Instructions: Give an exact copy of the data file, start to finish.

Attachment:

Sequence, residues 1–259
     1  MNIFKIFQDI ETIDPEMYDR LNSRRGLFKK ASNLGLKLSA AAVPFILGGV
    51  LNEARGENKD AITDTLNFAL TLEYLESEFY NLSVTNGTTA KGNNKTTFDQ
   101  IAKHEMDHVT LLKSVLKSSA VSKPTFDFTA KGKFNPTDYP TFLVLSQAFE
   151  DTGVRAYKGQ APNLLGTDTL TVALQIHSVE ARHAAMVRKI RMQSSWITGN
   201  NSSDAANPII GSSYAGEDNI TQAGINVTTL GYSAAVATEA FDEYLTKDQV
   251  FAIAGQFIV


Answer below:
Sequence, residues 1–259
     1  MNIFKIFQDI ETIDPEMYDR LNSRRGLFKK ASNLGLKLSA AAVPFILGGV
    51  LNEARGENKD AITDTLNFAL TLEYLESEFY NLSVTNGTTA KGNNKTTFDQ
   101  IAKHEMDHVT LLKSVLKSSA VSKPTFDFTA KGKFNPTDYP TFLVLSQAFE
   151  DTGVRAYKGQ APNLLGTDTL TVALQIHSVE ARHAAMVRKI RMQSSWITGN
   201  NSSDAANPII GSSYAGEDNI TQAGINVTTL GYSAAVATEA FDEYLTKDQV
   251  FAIAGQFIV